directly to Deathlessness, the going beyond birth and death, beyond all dukkha.
We are well exhorted by the words of Acharya Nagarjuna:
"Do you therefore exert yourself:
At all times try to penetrate Into the heart of these Four Truths;
For even those who dwell at home,
they will, by understanding them ford the river of (mental) floods."
L.K. 115
This is a very brief outline of the workings of this wheel which we cling to for our own harm
and the hurt of others. We are the makers of this wheel and the turners of this wheel, but if we
wish it and work for it, we are the ones who can stop this wheel.
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Conclusion
This Wheel of Life teaches us and reminds us of many important features of the Dhamma as it was
intended to by the teachers of old. Contemplating all its features frequently helps to give us true
insight into the nature of Samsara. With its help and our own practice we come to see Dependent
Arising in ourselves. When this has been done thoroughly all the riches of Dhamma will be available
to us, not from books or discussions, nor from listening to others’ explanations...
The Exalted Buddha has said:
"Whoever sees Dependent Arising, he sees Dhamma;
Whoever sees Dhamma, he sees Dependent Arising."
Anicca vata sankhara
uppada vayadammino
Uppajjitva nirujjhant
tesam vupasamo sukho.
Conditions truly they are transient
With the nature to arise and cease
Having arisen, then they pass away
Their calming, cessation is happiness.


Do you Buddhists believe in rebirth as an animal in the next life? Are you going to be a dog or a cow
in the future? Does the soul transmigrate into the body of another person or some animal? What is
the difference between transmigration and reincarnation? Is it the same as rebirth? Is karma the same
as fate? These and a hundred similar questions are often put to me.
A gross misunderstanding of about Buddhism exists today, especially in the notion of reincarnation.
The common misunderstanding is that a person has led countless previous lives, usually as an
animal, but somehow in this life he is born as a human being and in the next life he will be reborn as
an animal, depending on the kind of life he has lived.
This misunderstanding arises because people usually do not know-how to read the sutras or sacred
writings. It is said that the Buddha left 84,000 teachings; the symbolic figure represents the diverse
backgrounds characteristics, tastes, etc. of the people. The Buddha taught according to the mental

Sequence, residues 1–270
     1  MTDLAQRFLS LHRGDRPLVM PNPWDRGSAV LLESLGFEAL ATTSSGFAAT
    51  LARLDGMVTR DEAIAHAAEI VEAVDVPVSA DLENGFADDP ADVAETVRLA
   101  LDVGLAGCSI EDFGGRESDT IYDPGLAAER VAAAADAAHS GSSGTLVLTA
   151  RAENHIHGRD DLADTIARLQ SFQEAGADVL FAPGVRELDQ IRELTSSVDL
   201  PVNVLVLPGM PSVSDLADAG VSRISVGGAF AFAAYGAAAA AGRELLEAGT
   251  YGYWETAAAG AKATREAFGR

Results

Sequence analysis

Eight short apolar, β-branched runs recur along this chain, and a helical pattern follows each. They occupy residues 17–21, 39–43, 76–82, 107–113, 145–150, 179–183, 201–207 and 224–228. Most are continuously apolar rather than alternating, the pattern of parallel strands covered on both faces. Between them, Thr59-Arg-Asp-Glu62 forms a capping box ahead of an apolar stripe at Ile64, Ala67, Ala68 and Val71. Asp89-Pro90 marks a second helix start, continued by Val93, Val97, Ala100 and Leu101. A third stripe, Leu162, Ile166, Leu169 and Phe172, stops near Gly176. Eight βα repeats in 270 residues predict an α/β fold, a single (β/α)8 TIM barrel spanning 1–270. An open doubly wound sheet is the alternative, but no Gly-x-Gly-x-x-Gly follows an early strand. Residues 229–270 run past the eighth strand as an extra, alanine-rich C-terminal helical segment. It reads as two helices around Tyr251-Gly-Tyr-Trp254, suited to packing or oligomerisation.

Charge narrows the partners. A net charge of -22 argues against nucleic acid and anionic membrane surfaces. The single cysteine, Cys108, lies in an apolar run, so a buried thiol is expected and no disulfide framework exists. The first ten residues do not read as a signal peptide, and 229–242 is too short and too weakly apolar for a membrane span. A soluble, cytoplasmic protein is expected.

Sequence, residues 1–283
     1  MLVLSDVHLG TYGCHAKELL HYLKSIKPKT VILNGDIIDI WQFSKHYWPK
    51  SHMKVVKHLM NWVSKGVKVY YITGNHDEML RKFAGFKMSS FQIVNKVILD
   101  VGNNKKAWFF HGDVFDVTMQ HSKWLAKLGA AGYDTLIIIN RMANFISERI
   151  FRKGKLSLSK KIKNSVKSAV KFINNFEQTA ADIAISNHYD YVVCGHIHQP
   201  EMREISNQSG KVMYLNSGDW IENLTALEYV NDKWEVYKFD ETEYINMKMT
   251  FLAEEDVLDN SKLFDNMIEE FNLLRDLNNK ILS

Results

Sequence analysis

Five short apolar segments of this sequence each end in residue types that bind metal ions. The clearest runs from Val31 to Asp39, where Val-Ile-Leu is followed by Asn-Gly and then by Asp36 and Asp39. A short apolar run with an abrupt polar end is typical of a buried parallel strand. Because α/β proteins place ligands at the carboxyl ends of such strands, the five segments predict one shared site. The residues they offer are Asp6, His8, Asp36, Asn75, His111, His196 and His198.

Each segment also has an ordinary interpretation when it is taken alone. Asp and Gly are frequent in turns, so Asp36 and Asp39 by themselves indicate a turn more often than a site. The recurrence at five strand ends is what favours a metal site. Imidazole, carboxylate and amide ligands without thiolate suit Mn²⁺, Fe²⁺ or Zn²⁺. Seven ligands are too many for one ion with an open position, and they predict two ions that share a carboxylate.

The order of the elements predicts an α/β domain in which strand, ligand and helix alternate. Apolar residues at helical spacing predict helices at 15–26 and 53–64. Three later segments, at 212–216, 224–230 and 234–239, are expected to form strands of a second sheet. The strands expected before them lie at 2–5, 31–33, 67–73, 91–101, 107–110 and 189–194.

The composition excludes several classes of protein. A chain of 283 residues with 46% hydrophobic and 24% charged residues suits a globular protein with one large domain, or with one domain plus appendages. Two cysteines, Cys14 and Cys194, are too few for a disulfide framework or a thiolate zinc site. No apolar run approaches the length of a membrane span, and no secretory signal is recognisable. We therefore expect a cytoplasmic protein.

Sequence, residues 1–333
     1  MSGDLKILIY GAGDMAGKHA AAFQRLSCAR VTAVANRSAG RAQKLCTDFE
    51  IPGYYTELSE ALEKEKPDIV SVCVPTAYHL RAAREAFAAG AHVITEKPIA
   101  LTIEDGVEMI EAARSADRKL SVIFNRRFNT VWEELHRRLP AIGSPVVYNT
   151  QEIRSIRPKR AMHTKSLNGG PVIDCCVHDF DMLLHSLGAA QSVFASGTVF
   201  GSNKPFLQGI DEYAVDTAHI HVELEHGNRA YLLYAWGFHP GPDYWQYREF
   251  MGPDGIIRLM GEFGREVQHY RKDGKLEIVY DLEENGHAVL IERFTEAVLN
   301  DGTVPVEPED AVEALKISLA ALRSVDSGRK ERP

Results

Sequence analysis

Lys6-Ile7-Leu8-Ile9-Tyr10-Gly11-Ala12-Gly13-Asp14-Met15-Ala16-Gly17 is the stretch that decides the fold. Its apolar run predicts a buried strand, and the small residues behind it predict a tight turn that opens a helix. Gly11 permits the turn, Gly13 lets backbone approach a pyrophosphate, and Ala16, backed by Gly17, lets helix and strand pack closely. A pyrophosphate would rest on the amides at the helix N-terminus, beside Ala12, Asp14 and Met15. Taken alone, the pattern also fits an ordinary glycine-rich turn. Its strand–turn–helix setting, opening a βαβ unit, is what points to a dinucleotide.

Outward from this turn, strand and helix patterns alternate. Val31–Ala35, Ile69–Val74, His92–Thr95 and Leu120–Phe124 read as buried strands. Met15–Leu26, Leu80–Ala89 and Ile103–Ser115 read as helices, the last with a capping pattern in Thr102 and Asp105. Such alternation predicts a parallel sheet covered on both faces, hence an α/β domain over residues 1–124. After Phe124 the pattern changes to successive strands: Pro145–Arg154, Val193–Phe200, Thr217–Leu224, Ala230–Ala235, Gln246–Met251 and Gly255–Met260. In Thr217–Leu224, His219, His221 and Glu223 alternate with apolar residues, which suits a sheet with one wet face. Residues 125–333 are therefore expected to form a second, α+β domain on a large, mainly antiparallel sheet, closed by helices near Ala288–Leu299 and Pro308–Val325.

and spiritual capacity of each individual. For the simple village folks living during the time of the
Buddha, the doctrine of reincarnation was a powerful moral lesson. Fear of birth into the animal world
must have frightened many people from acting like animals in this life. If we take this teaching literally
today we are confused because we cannot understand it rationally.
Herein lies our problem. A parable, when taken literally, does not make sense to the modern mind.
Therefore we must learn to differentiate the parables and myths from actuality. However, if we learn to
go beyond or transcend the parables and myths, we will be able to understand the truth.
People will say "If such is the case why not speak directly so that we will be able to come to an
immediate grasp of the truth?" This statement is understandable, but truth is often inexpressible. [Ed
comment: we as human beings are limited in understanding "Buddha Knowledge". We cannot speak
TRUTH, only words ABOUT Truth] Thus, writers and teachers have often resorted to the language of
the imagination to lead the reader from a lower to a higher truth. The doctrine of reincarnation is often
understood in this light.
What Reincarnation is Not
Reincarnation is not a simple physical birth of a person; for instance, John being reborn as a cat in the
next life. In this case John possesses an immortal soul which transforms to the form of a cat after his
death. This cycle is repeated over and over again. Or if he is lucky, he will be reborn as a human
being. This notion of the transmigration of the soul definitely does not exist in Buddhism.
Karma
Karma is a Sanskrit word from the root "Kri" to do or to make and simply means "action." It operates in